An overview of environmental aspects relating to energy-efficient lighting, including the importance of avoiding the release of mercury by recycling used lamps and luminaires, the benefits of collection and recycling, and financing mechanisms.
The energy-efficient lighting promoted through national initiatives contains electronic and other materials that can be recycled, recovered, or reused. However, fluorescent lamps contain hazardous mercury, which should never be discarded into regular municipal waste. Establishing a national collection and recycling scheme can prevent mercury releases to the environment and allow for a more ‘circular economy‘ objective to be achieved.
Environmentally sound management incorporates the concept of a product’s full lifecycle. It begins from raw materials used in manufacturing through to end-of-life recovery and recycling. This approach gives regulators a suitable framework to analyze and manage the performance of the impact of goods and services on the environment.
When lifecycle management principles are applied to lighting products and equipment, the assessment concentrates on the following three stages:
- Production: focuses on the raw materials and production techniques involved in manufacturing the product, including hazardous substances. The production phase is a natural point of intervention for hazardous substance regulators in the product life cycle, for example, the level of mercury in CFLs.
- Usage: focuses on the environmental impact of lamps during the use phase (i.e., from power plant-related emissions). It can also include health and safety aspects of lighting, such as the steps to take in case of lamp breakage.
- End-of-Life: focuses on the end-of-life management of lighting products, highlighting current regulatory frameworks; examples of best practices in establishing, managing, and financing end-of-life collection, recycling; and environmentally sound management and disposal.
Lifecycle assessments conducted on lighting products have concluded that the ‘usage‘ stage is the most important from an environmental impact point of view. Researchers have also pointed out that as the energy efficiency of lighting products improves, the usage stage still dominates. However, other aspects of the life cycle, including production and end-of-life, become more important.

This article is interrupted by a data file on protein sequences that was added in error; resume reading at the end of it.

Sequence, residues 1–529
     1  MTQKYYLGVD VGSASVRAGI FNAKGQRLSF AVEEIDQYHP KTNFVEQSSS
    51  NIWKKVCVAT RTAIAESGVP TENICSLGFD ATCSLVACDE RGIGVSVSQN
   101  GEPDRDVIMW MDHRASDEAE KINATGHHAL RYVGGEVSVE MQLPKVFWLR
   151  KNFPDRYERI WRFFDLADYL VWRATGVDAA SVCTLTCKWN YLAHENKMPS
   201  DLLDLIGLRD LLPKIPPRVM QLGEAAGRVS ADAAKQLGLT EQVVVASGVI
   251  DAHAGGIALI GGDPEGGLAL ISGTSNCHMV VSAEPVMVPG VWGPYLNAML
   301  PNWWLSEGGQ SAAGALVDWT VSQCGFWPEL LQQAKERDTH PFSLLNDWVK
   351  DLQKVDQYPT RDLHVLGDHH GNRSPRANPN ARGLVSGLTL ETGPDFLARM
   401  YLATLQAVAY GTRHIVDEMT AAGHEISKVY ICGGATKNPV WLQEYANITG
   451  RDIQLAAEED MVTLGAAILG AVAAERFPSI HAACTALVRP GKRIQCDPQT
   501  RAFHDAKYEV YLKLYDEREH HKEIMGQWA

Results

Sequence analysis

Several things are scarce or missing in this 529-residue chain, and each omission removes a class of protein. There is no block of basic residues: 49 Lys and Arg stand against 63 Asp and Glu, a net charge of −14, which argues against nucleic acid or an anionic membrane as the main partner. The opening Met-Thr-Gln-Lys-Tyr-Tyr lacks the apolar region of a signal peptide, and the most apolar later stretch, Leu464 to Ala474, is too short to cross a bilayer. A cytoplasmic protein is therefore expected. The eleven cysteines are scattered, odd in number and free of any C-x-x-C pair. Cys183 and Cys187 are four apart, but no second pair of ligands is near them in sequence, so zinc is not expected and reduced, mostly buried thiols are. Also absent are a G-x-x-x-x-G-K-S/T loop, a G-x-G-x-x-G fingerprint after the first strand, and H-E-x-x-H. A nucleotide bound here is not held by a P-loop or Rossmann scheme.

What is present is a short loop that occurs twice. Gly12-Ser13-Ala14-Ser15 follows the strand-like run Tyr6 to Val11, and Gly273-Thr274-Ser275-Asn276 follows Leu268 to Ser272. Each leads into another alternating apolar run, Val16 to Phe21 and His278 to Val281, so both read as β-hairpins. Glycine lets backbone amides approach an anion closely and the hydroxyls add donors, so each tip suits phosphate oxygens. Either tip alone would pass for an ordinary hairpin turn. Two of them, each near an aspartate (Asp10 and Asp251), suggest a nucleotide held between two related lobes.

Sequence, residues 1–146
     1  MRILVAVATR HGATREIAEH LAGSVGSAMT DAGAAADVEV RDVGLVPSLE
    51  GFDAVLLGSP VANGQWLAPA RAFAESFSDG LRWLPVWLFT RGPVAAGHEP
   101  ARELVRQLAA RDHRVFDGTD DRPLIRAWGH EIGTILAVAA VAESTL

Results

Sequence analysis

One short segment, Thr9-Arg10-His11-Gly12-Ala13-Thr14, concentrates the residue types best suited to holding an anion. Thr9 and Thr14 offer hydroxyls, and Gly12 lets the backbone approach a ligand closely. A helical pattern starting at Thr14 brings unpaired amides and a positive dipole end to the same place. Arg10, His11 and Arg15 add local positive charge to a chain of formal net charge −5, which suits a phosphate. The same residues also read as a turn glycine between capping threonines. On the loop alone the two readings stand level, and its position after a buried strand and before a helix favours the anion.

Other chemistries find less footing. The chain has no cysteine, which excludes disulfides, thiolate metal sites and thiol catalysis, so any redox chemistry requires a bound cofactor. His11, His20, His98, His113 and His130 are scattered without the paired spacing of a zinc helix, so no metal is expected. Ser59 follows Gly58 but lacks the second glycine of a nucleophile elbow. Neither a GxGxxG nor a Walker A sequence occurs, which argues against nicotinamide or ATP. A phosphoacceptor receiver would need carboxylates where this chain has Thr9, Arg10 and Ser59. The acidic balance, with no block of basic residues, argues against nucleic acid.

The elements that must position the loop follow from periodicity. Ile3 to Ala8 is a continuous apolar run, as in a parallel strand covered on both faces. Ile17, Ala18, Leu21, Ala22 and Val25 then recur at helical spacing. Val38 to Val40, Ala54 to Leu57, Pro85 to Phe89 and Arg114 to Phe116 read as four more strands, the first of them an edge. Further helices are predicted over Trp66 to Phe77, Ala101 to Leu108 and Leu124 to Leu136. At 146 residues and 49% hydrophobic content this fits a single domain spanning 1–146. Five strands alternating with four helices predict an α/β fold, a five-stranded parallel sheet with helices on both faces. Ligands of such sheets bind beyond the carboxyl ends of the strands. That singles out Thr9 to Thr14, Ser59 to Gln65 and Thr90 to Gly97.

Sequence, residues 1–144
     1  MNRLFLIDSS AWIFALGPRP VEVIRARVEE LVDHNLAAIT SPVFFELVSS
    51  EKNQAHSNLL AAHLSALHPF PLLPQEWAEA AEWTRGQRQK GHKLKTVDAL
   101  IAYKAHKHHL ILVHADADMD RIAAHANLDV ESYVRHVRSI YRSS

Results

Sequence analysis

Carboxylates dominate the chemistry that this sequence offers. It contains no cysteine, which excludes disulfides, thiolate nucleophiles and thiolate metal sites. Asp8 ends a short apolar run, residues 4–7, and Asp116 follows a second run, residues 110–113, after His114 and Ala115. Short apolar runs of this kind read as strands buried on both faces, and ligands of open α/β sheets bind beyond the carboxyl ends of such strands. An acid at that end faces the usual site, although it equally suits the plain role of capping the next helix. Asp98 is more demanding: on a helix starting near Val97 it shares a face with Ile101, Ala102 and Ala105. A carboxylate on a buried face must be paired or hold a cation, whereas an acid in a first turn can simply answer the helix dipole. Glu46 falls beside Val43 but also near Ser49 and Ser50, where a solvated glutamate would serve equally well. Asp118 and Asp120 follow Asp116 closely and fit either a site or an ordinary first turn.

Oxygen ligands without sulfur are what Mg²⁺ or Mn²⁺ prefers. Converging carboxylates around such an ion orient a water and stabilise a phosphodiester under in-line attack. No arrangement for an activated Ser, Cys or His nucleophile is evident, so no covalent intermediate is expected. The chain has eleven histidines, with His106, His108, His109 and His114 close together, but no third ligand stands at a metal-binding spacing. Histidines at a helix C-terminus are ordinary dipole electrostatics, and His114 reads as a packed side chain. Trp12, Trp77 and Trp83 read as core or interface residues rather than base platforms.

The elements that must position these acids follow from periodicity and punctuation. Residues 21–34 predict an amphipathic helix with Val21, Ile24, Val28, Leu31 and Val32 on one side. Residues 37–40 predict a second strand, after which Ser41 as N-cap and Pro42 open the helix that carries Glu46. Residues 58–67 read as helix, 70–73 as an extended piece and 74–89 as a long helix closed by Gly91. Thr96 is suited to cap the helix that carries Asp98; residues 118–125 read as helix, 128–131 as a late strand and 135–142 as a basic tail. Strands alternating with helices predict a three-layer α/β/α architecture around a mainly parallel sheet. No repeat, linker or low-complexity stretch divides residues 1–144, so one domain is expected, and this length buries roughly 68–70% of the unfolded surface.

Optimization across these stages requires minimizing the environmental impacts during each step. The phase-out of inefficient lighting is an effective intervention from a ‘use’ point of view. It can significantly reduce energy consumption and prevent climate change through avoided CO2 emissions and mercury pollution from coal-fired power stations. In all aspects of a lamp’s life cycle, reducing energy consumption is by far the most significant and positive change to be made.
This approach includes maximizing energy efficiency and lamp life and minimizing toxicity at the design and manufacturing stages while ensuring the sustainable management of spent lamps. This is consistent with global international policies that reduce and safely manage hazardous waste, such as the Minamata Convention on Mercury which seeks to “make Mercury history.” In addition, several national and regional collection systems have been mandated by law in the last few years to facilitate the recycling of materials and the safe disposal of hazardous substances.
The implementation of environmentally sound management requires that the following elements are taken into account:
- Policy and legal framework
- Collection schemes and related awareness-raising activities
- Transportation, storage, and recycling programs
- Financial mechanisms to cover the running costs
Policy and Legal Framework
To have a national program that is required and enforceable, governments should consider establishing a legal framework for electronic waste and hazardous waste management and setting requirements for zero mercury in lighting. This encourages the development of initiatives in the country or region and will help advance the objectives of relevant international conventions.
Given the technological advancements made in LED lighting, policymakers should consider regulations that eliminate mercury from lighting as there is no longer a need to tolerate this hazardous substance in every fluorescent lamp. LED retrofit lamps are now widely available and are designed to be compatible with existing fluorescent fixtures and ballasts and thus can be installed directly into the same fixtures. These mercury-free LED lamps use half the energy and last 2-3 times longer than the fluorescent lamps they are replacing.
Improper handling, collection, storage, transportation, or disposal of hazardous materials and waste can lead to releases of pollution that persist in the atmosphere, soil, and water. Waste consisting of elemental mercury or waste containing or contaminated with mercury should be treated to recover the mercury or immobilize it in an environmentally sound manner. Collection and recycling programs for fluorescent and high-intensity discharge lamps and luminaires are important because they: